Just as more of us embrace social media, so do the spam bots

After 5 weeks straight of free social media-related webinars, I thought it might be good to step back and remind us of some precautions to take while we're jumping in headfirst. Unfortunately, the more people are attracted to these sites, the more spam and scam artists are attracted as well. When you first get involved with networks like Facebook, MySpace, and Twitter, you might feel like everyone is friends with everyone else, without facing the same barriers to entry that exist in closer knit, offline social circles. You might not have seen Julie Chang since the 2nd grade and the star quarterback in high school could have been your biggest bullier in the 10th grade... but that doesn't mean you can't be Facebook friends or follow their tweets! And plenty of social network users go further than to add passing acquaintances by seeking out and accepting new friendships with users they have yet to meet in person.

It's great that these networks provide ample opportunity to create new connections, whether you're simply up for meeting new people or even looking for a job, but much as they try, these networks will never be completely secure. MySpace revealed earlier this month that 90,000 registered sex offenders had been kicked off the site over the last 2 years alone. But aside from creepy men prowling for teenage girls, many of your basic identity theft schemes have been adapted for use on these networks. Infoworld posted a comprehensive list of some of the most prevalent examples of spam on social networks, some more dangerous than others. We broke our own news story two months ago when our CBO and VP of New Buzzness, Dave and Carrie Kerpen, discovered a money-grubbing scheme conducted via a hack through Facebook Chat.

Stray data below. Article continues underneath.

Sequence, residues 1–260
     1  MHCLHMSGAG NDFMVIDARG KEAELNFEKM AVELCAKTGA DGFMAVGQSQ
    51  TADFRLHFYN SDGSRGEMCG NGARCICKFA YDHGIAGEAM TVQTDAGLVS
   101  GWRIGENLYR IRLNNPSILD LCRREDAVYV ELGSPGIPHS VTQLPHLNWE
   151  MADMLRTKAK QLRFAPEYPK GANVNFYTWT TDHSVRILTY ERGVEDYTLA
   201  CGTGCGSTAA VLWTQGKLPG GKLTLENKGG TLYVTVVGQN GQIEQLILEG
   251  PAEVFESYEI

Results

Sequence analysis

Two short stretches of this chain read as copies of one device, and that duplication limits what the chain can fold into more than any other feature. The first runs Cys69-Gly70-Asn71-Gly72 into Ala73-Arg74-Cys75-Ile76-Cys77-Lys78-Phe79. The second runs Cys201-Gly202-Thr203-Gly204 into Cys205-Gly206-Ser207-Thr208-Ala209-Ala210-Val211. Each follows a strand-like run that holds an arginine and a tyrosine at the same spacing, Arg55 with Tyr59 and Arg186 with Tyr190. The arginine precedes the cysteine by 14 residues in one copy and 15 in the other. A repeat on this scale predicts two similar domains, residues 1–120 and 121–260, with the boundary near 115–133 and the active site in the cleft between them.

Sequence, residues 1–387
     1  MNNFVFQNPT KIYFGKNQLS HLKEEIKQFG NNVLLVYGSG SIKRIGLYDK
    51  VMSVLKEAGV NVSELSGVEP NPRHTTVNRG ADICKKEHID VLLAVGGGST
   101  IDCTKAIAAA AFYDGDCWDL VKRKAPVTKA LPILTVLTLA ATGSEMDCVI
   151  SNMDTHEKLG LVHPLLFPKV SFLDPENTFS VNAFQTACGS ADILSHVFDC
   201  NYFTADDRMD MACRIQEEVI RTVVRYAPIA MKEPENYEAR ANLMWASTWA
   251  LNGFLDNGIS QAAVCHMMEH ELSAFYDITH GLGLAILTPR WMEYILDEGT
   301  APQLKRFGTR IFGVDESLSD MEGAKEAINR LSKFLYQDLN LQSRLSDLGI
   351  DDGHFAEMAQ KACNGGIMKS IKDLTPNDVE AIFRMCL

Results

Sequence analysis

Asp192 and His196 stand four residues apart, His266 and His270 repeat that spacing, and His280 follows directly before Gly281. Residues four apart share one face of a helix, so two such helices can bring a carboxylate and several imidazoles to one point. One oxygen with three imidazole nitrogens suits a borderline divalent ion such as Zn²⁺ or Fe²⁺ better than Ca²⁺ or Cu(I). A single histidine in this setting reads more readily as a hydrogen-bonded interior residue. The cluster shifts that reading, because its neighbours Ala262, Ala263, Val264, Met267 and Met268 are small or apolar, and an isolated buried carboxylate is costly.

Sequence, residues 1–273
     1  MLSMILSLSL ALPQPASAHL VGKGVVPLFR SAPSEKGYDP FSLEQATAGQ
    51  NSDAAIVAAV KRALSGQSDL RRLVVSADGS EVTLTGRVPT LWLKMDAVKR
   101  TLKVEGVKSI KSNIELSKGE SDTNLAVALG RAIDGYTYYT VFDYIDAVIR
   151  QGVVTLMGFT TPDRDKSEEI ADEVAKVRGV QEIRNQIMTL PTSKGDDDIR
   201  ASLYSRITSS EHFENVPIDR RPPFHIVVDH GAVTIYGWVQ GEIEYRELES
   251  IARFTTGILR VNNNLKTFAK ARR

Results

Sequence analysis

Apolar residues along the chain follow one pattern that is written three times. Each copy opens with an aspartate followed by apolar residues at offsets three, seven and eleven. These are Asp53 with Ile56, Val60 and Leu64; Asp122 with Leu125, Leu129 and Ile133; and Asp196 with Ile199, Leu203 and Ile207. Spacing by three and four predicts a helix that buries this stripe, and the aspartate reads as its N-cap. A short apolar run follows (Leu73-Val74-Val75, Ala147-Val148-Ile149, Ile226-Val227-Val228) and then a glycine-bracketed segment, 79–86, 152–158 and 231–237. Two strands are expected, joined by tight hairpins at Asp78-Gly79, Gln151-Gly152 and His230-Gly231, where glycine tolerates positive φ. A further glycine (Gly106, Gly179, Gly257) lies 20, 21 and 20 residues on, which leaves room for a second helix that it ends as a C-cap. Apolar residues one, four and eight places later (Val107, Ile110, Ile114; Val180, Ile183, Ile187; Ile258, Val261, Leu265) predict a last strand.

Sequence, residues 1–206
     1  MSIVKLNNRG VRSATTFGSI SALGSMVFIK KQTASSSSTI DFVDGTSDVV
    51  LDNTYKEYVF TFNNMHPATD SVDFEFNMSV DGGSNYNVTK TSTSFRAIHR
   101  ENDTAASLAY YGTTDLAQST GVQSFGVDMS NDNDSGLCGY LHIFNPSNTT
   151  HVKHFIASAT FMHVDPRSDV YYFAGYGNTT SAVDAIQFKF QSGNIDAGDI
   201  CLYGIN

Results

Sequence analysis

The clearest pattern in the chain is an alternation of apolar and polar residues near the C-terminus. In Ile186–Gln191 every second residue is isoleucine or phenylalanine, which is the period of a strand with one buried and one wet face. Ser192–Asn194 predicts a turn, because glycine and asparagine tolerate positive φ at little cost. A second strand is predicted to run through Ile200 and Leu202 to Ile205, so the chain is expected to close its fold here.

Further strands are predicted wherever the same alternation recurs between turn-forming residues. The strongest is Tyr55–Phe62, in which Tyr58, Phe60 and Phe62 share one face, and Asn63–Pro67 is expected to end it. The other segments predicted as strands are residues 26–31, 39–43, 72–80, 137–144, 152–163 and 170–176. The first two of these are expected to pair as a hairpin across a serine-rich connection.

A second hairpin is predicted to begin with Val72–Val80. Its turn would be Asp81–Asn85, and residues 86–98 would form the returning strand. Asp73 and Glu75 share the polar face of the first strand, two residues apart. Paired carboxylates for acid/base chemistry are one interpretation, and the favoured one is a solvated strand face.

The "Error Check System" is the latest in annoying, suspicious applications, having blasted hundreds of users over the weekend for (supposedly) no other purpose than to get attention. For all we know, somebody could have designed this application to show how easy is it to be fooled by a third party into granting access to your personal information on a social network. Regardless, the fact remains that the number of reports of "rogue applications" or spam bots on sites like these continues to increase. So if you are still getting used to social media, I'm confident that you'll come to love it and being excited about it as much as I am - but please remember not to take your network's security for granted!

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